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As Congress moves forward with immigration reform, we take a look at how this issue connects to culture, business and families in the Northwest.Our region is home to a unique blend of immigrants who work in all parts of our economy — from high-tech to agriculture. This population already has a deeply-rooted history here. And its ranks are expanding rapidly.Proposals for comprehensive immigration reform address border security, employment verification, guest-worker programs and pathway to citizenship for an estimated 11 million unauthorized immigrants in the US.

Seattle-area immigrants: 'We'll keep fighting'

Eli Tinoco, mother of two American children, would have qualified for the DAPA program, which remains blocked after a split court decision.
KUOW Photo/Liz Jones
Eli Tinoco, mother of two American children, would have qualified for the DAPA program, which remains blocked after a split court decision.

Immigrants and advocates around the Seattle area say their fight is far from over. The recent Supreme Court ruling is a setback, they say, and also a catalyst to focus on the presidential election. 


The high court deadlocked, four to four, on this major immigration ruling. Seattle attorney Jorge Baron says he wants a clear win on the next battlefront.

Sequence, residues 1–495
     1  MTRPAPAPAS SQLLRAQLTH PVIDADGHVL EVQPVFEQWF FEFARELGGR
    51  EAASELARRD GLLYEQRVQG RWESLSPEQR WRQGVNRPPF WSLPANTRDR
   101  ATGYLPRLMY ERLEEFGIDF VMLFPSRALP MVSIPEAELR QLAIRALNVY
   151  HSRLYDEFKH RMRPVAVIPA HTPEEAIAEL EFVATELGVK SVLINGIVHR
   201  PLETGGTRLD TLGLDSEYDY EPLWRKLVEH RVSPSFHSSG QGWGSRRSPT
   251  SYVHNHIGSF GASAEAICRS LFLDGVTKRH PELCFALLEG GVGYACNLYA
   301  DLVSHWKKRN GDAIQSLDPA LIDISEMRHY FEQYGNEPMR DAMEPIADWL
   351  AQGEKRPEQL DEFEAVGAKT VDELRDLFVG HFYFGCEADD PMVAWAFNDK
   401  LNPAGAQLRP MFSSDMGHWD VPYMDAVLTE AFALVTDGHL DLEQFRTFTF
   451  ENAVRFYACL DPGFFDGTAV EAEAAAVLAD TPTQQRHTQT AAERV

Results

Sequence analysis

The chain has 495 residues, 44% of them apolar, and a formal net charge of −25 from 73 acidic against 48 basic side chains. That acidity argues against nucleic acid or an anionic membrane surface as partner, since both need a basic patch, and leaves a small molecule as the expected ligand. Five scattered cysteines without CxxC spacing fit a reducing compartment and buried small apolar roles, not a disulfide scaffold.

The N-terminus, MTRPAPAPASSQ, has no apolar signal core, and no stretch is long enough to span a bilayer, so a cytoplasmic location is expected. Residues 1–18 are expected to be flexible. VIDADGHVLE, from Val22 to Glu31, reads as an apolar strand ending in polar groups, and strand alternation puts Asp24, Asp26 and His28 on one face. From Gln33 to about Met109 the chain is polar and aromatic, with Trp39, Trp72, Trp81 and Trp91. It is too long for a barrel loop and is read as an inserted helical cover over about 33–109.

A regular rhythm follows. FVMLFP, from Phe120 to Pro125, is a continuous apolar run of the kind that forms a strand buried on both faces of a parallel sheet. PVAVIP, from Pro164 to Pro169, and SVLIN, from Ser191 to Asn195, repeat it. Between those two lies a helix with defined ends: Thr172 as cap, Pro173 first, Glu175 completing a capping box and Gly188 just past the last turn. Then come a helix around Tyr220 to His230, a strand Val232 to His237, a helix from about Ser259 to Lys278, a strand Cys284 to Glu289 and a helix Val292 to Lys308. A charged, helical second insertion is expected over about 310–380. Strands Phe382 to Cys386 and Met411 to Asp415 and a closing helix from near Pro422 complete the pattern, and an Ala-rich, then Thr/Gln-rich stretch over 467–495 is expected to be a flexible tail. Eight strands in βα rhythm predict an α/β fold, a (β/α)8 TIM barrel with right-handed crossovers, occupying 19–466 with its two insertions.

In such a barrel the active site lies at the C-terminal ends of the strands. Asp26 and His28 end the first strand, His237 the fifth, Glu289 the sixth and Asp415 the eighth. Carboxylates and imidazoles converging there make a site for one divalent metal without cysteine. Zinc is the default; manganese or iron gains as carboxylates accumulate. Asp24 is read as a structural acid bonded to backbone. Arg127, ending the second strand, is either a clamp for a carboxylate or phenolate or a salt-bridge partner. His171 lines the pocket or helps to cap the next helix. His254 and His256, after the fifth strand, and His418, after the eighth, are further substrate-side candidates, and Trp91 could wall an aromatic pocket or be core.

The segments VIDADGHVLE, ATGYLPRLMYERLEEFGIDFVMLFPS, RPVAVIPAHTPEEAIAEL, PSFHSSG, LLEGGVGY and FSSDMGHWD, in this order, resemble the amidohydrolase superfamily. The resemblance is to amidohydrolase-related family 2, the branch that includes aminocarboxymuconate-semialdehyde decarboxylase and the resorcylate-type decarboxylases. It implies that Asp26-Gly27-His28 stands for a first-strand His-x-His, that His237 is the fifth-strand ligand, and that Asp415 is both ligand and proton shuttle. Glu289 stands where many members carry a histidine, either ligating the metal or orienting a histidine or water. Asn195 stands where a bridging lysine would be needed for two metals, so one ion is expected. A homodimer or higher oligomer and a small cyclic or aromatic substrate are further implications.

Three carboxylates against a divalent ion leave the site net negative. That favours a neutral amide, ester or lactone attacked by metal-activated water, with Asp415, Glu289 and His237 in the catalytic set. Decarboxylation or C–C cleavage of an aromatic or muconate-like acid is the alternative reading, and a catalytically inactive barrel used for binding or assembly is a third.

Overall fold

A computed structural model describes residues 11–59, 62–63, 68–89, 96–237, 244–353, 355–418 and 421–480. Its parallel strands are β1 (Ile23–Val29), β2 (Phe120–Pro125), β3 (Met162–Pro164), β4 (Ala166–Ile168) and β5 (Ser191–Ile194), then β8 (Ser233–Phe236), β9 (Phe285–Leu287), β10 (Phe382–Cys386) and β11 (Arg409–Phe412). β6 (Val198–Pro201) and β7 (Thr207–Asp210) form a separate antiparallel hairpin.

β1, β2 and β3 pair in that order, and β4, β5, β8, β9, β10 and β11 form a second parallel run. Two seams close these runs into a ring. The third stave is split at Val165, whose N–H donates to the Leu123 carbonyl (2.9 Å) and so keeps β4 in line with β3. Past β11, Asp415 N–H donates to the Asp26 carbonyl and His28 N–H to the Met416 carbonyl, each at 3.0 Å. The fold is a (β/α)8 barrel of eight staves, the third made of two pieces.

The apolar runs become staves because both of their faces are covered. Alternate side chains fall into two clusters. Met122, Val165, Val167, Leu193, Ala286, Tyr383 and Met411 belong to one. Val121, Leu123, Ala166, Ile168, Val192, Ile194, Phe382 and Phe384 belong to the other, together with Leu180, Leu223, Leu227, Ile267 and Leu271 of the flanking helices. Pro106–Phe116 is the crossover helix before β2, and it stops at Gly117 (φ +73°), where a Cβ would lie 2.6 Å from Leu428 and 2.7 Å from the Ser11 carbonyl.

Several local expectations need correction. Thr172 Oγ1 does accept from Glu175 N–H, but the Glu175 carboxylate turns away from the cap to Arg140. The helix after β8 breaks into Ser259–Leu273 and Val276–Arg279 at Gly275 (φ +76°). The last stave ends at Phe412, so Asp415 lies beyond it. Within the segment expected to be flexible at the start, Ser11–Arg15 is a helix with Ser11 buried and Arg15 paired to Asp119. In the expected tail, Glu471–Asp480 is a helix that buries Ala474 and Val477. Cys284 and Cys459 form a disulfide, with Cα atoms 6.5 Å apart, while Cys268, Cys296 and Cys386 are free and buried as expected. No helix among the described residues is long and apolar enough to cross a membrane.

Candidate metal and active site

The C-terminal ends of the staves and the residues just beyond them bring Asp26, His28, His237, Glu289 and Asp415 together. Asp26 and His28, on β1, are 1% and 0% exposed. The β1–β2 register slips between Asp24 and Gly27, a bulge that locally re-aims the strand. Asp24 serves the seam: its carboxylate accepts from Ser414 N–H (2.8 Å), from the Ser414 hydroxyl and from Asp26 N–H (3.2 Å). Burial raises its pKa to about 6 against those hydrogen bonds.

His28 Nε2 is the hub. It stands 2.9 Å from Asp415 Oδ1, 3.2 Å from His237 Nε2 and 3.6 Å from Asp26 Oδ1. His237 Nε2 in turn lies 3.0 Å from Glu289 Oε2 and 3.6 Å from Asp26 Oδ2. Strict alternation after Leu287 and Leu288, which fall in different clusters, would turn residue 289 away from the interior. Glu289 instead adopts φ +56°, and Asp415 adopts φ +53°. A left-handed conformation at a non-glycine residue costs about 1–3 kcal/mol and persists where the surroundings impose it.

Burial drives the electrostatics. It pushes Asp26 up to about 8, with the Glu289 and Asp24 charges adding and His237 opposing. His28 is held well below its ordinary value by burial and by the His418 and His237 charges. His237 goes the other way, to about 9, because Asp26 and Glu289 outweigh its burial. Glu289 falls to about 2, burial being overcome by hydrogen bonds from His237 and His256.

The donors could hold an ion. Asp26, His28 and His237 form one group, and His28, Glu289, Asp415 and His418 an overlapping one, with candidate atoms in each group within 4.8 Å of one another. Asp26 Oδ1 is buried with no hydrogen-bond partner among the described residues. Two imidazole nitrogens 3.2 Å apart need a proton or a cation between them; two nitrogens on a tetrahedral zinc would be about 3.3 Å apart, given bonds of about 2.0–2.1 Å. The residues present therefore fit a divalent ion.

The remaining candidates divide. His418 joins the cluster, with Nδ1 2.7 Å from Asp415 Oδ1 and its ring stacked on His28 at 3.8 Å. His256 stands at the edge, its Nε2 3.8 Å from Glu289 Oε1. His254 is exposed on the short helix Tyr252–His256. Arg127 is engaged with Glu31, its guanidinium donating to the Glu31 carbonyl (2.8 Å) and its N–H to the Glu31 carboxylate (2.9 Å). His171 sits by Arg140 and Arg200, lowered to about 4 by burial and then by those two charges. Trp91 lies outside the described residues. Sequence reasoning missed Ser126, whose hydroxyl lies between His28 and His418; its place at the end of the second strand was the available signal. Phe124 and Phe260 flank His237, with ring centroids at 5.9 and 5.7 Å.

Baron: “We as a country are not going to end up in a tie in November. We’re going to have the opportunity at the ballot box to make a decision about where immigration policy is going to go, along with many important issues.”

Baron heads the Northwest Immigrant Rights Project. He and other local leaders spoke to reporters about Thursday’s court decision.

The court effectively blocked President Barack Obama’s executive action on immigration. Under the plan, some five million immigrants would have become eligible for work permits and protected from deportation.

Mostly, they’re parents of American citizens, like Washington resident Ela Tinoco. She got emotional at the press conference.

Tinoco: “Today is disappointing for me. And for the whole immigrant community.”

Tinoco also speaks English but Spanish comes easier, especially today.

Tinoco says she came here 16 years ago to escape the violence of Honduras. Her three children have legal status in this country, but not her.

She says her kids live with an emergency plan in place, in case she's ever picked up.

Tinoco: "At any moment things could change. At any moment we could have to move."

Obama’s plan would’ve given them some peace. It also would’ve given them a chance to travel outside the country.

Tinoco: "That was my hope. I'd told my kids that maybe we'd spend next Christmas in Mexico or Honduras. We got travel books at the library."

The kids could finally meet their grandparents. And Tinoco could see her parents after 16 years apart. 

Soon she’ll break the news to everyone; the family reunion will have to wait.

Year started with KUOW: 2006